There are many ways to attack this one, seated, kneeling, standing with a foot on a bench on chair, so just pick something that is suitable for your situation, access and comfort, keep good spinal posture and slowly reach towards the toe of the 1 straight leg until you feel a good stretch and hold or 30-60sec.
Band Face Pulls – Chest Openers
Along with that tight chest and collapsed posture comes weakened scapula retraction strength. This key muscle group help to keep your shoulder blades pulled back into a natural position, allowing for improved scapula movement and therefore spinal and shoulder health and improved posture.
Your collapsed desk posture leaves these guys sitting in a weakened and lengthened position, unable to fight the tightness of big internal rotators like your chest and lat muscles. By doing this simple exercise each day, you will improve your postural strength and position, and reduce your risk of injury and pain.
All you need is a simple theraband or elastic band trainer, so very cheap and accessible, and wrap it around a pole or door handle. Then while bracing and holding good trunk posture, pull the band towards your nose, keeping your elbows out high and wide. Squeeze between your shoulder blades for 1 – 2 seconds, and repeat 12-15 times
By doing just these few simple things each day, taking no more than 10 minutes to do the whole lot, you will have a happier and healthier body, improved posture, reduced pain and injury risk and improved mood. Why not start today?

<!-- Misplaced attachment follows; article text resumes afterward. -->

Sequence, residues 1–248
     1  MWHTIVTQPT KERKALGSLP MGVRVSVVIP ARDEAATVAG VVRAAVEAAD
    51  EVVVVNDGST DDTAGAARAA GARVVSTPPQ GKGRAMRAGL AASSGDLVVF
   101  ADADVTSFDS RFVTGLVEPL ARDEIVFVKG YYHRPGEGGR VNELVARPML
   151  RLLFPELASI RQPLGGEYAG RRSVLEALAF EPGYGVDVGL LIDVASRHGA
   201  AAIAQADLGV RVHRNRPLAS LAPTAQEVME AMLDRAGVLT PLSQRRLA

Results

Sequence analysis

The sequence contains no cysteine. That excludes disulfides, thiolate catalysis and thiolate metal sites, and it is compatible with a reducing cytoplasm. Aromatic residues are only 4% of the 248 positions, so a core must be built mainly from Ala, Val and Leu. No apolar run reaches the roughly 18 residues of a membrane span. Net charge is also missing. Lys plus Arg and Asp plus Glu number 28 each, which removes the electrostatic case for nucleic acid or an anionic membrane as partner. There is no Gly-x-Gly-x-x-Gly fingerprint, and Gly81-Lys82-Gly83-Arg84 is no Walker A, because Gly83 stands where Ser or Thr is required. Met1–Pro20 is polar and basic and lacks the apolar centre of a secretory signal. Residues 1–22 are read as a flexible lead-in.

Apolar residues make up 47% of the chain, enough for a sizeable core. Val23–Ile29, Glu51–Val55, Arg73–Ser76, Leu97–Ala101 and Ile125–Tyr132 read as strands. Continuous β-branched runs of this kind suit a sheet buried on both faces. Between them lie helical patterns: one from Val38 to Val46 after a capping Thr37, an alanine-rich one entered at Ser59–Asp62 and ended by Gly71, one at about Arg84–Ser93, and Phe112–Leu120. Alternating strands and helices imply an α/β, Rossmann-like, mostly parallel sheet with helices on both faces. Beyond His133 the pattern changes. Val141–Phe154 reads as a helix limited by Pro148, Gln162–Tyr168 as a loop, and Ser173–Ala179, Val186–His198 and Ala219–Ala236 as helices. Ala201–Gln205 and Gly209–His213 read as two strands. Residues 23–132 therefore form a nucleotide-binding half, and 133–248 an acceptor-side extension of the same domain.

- Contreras, B. Transcribed interview with Stu McGill. www.BretContreras.com. Accessed 11/14/13. http://bretcontreras.com/transcribed-interview-with-stu-mcgill/
- Caterisano A, Moss RF, Pellinger TK, Woodruff K, Lewis VC, Booth W, Khadra T. The effect of back squat depth on the EMG activity of 4 superficial hip and thigh muscles. J Strength Cond Res. 2002 Aug;16(3):428-32.
- Bryanton MA, Kennedy MD, Carey JP, Chiu LZ. Effect of squat depth and barbell load on relative muscular effort in squatting. J Strength Cond Res. 2012 Oct;26(10):2820-8.
- Hartmann H, Wirth K, Klusemann M, Dalic J, Matuschek C, Schmidtbleicher D. Influence of squatting depth on jumping performance. J Strength Cond Res. 2012 Dec;26(12):3243-61.
- McGill, SM. The painful lumbar spine. www.IdeaFit.com. Accessed 11/14/13. http://www.ideafit.com/fitness-library/the-painful-lumbar-spine
- Contreras B, Vigotsky AD, Schoenfeld BJ, Beardsley C, Cronin J. (2015). A comparison of two gluteus maximus EMG maximum voluntary isometric contraction positions. PeerJ 3:e1261 https://doi.org/10.7717/peerj.1261
- Kang MH, Jung DH, An DH, Yoo WG, Oh JS. Acute effects of hamstring-stretching exercises on the kinematics of the lumbar spine and hip during stoop lifting. J Back Musculoskelet Rehabil. 2013 Jan 1;26(3):329-36.